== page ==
Hydrogen sulfide is enzymatically produced in mammalian tissues and functions as a gaseous transmitter. However, H2S is also highly toxic as it inhibits mitochondrial respiration at the level of cytochrome c oxidase, which additionally is involved in sulfide oxidation. The accumulation of toxic sulfide levels contributes to the pathology of some diseases. This paper demonstrates that sulfide toxicity can be modified, and dehydroascorbic acid functions as an effector in this process. It significantly reduces the inhibitory effect of sulfide on cytochrome c oxidase, resulting in higher rates of respiration and sulfide oxidation in rat mitochondria. After the addition of dehydroascorbic acid mitochondria maintained more than 50% of the oxygen consumption and ATP production rates with different substrates in the presence of high concentrations of sulfide that would normally lead to complete inhibition. Dehydroascorbic acid significantly increased the sulfide concentration necessary to cause half maximal inhibition of mitochondrial respiration and thus completely prevented inhibition at low, physiological sulfide concentrations. In addition, sulfide oxidation was stimulated and led to ATP production even at high concentrations. The decrease in sulfide toxicity was more pronounced when analyzing supermolecular functional units of the respiratory chain than in isolated cytochrome c oxidase activity. Furthermore, the protective effect of dehydroascorbic acid at high sulfide concentrations was completely abolished by quantitative solubilization of mitochondrial membrane proteins with dodeclymaltoside. These results suggest that binding of cytochrome c oxidase to other proteins probably within respiratory chain supercomplexes is involved in the modulation of sulfide oxidation and toxicity by dehydroascorbic acid. © 2011 Elsevier B.V. All rights reserved.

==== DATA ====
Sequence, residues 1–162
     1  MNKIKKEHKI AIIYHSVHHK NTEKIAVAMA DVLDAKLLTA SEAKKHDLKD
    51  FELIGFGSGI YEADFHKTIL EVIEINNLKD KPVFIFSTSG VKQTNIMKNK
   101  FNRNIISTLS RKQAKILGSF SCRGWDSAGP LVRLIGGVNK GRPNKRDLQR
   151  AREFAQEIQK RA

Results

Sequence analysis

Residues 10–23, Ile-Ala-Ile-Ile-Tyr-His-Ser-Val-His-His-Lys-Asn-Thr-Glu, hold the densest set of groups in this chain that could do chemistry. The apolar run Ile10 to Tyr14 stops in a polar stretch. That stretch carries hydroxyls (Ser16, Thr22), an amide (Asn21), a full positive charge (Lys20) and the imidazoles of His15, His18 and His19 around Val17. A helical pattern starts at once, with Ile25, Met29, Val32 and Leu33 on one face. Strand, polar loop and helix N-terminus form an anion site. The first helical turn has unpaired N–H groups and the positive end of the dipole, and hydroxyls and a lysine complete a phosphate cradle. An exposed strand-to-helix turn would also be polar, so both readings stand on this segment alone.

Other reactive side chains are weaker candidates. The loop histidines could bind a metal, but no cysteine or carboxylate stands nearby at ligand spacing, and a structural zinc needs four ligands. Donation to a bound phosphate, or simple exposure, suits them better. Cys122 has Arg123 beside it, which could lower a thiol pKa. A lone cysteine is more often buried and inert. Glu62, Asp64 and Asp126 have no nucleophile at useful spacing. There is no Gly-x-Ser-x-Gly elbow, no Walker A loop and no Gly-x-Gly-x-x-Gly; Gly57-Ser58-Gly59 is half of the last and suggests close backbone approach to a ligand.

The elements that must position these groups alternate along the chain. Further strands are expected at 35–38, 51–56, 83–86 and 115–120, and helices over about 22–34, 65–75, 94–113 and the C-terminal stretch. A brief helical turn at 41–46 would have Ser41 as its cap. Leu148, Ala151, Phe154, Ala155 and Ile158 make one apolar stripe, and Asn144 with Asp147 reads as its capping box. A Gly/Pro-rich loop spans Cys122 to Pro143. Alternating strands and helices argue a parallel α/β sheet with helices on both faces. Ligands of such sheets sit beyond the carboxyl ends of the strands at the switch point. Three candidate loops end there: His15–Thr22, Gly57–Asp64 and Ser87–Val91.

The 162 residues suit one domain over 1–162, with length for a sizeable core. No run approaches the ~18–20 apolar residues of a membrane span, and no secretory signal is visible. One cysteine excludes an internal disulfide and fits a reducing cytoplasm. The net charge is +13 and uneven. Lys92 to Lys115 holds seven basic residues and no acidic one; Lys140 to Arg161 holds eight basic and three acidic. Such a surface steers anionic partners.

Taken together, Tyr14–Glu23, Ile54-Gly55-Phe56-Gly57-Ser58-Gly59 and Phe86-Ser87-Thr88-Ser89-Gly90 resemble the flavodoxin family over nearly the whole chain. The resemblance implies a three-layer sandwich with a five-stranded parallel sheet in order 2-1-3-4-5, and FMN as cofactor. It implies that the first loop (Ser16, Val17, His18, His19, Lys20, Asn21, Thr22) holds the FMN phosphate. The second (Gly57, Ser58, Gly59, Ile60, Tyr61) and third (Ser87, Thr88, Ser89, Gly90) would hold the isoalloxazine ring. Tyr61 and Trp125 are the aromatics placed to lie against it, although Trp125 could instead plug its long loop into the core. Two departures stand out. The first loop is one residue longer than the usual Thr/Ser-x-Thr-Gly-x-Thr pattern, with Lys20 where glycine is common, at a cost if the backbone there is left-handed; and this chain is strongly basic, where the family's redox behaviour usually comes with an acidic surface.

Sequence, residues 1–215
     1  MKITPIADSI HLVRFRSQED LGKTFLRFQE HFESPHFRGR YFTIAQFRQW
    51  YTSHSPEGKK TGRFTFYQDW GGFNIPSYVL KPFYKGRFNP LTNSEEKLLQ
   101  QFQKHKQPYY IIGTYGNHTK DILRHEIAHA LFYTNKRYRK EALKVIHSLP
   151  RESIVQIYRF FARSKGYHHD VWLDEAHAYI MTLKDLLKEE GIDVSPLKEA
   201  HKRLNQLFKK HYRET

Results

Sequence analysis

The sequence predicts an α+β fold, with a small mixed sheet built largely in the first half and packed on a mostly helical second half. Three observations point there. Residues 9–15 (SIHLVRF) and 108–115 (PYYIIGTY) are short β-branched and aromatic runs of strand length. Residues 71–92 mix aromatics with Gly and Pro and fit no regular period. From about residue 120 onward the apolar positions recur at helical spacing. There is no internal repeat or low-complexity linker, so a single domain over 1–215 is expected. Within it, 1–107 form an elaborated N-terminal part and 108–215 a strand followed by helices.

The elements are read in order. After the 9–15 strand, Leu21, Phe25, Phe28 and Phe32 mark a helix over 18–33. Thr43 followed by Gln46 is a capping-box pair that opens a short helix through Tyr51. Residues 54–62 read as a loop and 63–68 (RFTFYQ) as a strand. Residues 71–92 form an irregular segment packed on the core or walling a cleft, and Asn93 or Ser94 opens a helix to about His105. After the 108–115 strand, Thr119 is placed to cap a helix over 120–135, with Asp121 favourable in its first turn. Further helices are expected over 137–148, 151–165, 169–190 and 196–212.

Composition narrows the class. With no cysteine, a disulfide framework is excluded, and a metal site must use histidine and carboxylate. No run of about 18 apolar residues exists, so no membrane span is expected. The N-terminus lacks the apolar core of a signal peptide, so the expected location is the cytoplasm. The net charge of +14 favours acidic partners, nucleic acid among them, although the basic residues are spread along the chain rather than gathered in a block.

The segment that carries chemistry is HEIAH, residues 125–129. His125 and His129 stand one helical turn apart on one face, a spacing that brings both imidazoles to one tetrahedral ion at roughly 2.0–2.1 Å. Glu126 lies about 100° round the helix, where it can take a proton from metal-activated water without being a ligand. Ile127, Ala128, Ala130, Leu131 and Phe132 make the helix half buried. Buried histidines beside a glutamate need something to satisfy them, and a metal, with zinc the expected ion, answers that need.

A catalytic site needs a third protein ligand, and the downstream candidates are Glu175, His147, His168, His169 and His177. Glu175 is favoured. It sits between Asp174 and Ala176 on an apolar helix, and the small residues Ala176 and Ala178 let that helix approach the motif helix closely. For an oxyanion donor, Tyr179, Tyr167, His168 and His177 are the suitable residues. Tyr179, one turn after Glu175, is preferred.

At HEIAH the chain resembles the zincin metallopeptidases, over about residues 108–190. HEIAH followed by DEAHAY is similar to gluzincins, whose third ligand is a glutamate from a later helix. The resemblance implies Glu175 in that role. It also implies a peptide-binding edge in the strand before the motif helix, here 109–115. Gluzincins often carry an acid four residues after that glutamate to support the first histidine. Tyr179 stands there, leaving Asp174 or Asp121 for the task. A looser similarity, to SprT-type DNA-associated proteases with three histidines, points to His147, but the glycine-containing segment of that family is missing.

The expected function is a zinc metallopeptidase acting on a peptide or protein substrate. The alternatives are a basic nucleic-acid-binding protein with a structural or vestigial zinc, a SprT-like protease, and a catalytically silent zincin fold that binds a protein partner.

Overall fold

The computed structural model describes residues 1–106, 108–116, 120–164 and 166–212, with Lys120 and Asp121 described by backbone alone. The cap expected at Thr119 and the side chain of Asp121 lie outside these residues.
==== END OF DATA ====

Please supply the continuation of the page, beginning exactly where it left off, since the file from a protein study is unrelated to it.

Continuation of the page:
Hildebrandt, T. M. (2011). Modulation of sulfide oxidation and toxicity in rat mitochondria by dehydroascorbic acid. Biochimica et Biophysica Acta - Bioenergetics, 1807(9), 1206–1213. https://doi.org/10.1016/j.bbabio.2011.06.003